Song of Roland
When Charlemagne and his men arrive at Roncesvals, they see heaps of bodies and not a single living man. Thousands of the knights and barons faint; all weep. Naimes sees, far ahead in the distance, the fleeing pagan army, and urges that the Franks pursue them and get their revenge. Leaving behind a band of men to guard the battlefield, to keep thieves and beasts off the dead Franks, Charlemagne and his men ride after the Saracens. But dusk is beginning to fall. Charlemagne prays to God to make the sun stand still, so they can continue their chase, and an angel tells him that God will indeed do this, so that the Franks can pursue their mission of vengeance.
And in fact, the sun does stand still in the sky. The Franks overtake the pagans and chase them into the Ebro river, where they all drown. After the emperor offers his thanks to God, they pitch camp and turn in for the night. Charlemagne is tired and suffers greatly, thinking of the men he has lost. While he sleeps, Saint Gabriel sends him prophetic visions, the meaning of which is not clear to the emperor. The tone of them, however, is distinctly ominous.
Meanwhile, in Saragossa, Marsilla laments the loss of his men, his son Jurfaleu, and of his own right hand. All the people of the city curse Charlemagne for their losses and go to insult and beat their idols for having let them down.
After the death of Roland, Charlemagne becomes the protagonist and the tone and the nature of the epic shift. While the earlier part of the poem was essentially a human drama, focusing especially on the characters of Roland, Olivier, and Ganelon, the latter part, recounting Charlemagne's revenge, is marked by the frequency of supernatural occurrences and a starker, less subtle view of good and evil. While the supernatural was certainly present in the earlier section, God's hand on earth had a lighter touch; there is nothing miraculous. And while the pagans, all throughout, are evil, and the Christians are good, without room for nuance, the focus on the characters of certain of the Christian warriors allowed fine distinctions. Ganelon, for example, is without doubt a villain, but not an uncomplicated one. The same goes for Roland as a hero.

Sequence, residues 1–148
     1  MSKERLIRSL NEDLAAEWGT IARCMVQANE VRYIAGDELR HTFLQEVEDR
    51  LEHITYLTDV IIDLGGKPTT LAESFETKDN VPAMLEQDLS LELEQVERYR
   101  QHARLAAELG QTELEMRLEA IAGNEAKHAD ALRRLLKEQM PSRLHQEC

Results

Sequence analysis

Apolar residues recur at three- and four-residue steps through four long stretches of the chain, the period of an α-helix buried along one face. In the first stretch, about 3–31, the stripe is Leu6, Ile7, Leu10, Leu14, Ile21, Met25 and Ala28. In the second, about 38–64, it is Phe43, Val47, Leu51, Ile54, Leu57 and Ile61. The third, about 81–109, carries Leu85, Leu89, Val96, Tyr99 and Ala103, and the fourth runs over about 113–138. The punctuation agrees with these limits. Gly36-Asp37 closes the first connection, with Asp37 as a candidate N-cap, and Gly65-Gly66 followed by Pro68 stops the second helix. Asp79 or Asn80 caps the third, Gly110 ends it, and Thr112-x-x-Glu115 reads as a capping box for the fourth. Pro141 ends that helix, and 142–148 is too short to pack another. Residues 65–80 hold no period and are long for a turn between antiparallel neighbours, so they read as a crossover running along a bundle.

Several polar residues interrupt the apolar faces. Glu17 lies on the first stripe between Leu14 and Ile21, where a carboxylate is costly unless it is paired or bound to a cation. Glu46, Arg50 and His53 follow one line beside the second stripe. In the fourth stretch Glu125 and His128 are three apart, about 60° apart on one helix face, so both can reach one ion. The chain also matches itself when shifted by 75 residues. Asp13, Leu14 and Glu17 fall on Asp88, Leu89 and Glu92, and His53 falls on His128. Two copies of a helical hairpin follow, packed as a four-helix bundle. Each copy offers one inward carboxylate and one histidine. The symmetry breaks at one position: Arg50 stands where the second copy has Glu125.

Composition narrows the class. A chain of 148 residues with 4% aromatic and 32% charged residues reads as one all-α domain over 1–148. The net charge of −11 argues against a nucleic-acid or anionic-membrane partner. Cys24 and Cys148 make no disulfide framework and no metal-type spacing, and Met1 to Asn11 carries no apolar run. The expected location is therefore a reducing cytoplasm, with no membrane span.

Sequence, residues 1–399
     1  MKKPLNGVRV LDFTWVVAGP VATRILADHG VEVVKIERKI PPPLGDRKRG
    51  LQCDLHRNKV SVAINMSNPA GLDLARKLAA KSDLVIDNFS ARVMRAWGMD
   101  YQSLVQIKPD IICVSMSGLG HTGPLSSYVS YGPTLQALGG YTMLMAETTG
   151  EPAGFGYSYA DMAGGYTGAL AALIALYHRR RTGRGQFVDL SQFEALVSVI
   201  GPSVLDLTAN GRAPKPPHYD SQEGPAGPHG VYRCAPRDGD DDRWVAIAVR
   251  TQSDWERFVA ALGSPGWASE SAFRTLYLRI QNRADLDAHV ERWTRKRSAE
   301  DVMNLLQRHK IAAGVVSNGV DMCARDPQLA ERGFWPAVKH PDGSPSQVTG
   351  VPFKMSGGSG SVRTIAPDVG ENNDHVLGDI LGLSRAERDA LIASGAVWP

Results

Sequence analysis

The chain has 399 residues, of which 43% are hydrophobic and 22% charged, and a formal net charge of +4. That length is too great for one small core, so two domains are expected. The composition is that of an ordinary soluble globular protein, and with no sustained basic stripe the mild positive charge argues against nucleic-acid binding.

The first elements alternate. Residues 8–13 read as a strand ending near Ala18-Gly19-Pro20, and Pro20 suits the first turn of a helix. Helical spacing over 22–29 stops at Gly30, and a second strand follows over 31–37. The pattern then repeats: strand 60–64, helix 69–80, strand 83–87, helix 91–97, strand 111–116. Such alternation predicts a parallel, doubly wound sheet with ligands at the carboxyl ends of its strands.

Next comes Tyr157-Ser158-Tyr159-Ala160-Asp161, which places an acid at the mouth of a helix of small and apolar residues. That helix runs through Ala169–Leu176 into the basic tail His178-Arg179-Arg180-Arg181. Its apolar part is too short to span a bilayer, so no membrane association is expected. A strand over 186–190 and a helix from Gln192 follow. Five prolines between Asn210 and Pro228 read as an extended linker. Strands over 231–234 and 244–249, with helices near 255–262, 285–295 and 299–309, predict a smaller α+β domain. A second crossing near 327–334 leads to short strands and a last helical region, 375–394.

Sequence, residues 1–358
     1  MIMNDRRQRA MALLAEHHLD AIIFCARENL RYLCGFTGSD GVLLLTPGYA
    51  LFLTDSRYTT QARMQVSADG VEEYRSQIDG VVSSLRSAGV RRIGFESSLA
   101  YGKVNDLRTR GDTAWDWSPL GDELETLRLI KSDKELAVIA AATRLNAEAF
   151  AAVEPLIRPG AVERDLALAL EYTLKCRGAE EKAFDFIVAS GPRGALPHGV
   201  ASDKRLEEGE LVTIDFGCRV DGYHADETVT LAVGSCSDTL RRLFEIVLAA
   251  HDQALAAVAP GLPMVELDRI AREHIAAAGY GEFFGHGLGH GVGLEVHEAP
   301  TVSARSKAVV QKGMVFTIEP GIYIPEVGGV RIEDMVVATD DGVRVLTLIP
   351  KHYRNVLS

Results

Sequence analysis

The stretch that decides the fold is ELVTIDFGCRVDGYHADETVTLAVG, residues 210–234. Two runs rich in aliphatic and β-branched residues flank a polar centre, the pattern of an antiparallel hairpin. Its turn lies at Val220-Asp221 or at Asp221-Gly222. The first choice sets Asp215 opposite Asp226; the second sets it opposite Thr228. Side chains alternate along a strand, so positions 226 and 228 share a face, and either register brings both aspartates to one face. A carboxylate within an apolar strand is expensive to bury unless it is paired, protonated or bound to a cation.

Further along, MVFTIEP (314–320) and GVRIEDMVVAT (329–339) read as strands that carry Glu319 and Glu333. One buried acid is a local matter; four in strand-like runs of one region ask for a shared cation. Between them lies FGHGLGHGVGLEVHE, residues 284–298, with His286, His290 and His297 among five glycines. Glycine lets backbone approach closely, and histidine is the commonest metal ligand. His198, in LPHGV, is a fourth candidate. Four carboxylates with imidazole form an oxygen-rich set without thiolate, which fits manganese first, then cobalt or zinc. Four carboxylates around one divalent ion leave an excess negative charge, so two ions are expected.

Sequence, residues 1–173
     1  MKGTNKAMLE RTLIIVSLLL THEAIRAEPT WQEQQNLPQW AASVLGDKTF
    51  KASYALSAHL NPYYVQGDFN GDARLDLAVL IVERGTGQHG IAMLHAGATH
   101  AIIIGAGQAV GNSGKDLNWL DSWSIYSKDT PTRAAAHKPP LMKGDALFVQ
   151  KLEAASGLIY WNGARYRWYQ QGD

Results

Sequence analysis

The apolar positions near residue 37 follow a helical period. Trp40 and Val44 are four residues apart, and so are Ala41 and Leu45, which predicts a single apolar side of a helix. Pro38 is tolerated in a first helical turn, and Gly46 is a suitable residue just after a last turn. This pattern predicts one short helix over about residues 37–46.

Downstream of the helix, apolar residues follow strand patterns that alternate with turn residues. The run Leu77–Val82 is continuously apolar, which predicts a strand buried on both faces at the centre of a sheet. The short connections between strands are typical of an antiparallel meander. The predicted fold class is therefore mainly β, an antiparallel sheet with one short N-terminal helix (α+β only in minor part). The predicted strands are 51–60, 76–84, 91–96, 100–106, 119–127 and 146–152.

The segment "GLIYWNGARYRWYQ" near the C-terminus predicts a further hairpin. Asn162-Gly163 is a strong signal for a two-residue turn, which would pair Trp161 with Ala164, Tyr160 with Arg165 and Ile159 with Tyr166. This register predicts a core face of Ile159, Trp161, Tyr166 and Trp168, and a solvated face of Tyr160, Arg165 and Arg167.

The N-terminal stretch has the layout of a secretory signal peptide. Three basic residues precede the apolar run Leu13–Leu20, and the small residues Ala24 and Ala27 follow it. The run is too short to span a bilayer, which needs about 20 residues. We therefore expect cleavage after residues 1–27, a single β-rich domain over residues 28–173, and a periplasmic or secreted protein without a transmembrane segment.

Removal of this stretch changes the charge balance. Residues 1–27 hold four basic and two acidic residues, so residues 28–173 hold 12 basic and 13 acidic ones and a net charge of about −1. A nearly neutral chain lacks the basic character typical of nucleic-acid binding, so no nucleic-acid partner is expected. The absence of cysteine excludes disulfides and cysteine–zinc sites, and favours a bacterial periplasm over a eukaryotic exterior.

Here, beginning when God suspends the course of the sun for Charlemagne, the heavenly hosts play a more active role. Saint Gabriel again sends him visions; the first foretells the battle with Baligant, the second the trial of Ganelon.
The narration of the reaction in Saragossa to the news of the decimation of the pagan troops both at Roncesvals and afterward, when the Franks push them into the river, contrasts their idolatry with the attitude of the Christians. When the Franks were massacred at Roncesvals, their reaction was not to curse the Lord for having allowed the slaughter to occur; their faith was unshaken and they embraced the opportunity to die martyrs. While the underlying belief that the divinity helps his worshippers is shared by the Christians and the Muslims of the poem, leaving both sides hypothetically open to the charge that their adoration contains an element of the mercenary, the Christians do not castigate their God when He fails to come through, as it were, on his part of the bargain, while the pagans of Saragossa do, casting their idols down into the dirt. Thus, not only are the Muslims presented as serving false gods, but as serving them badly, while the Christians serve their Lord with the humility and reverence of ideal vassals.
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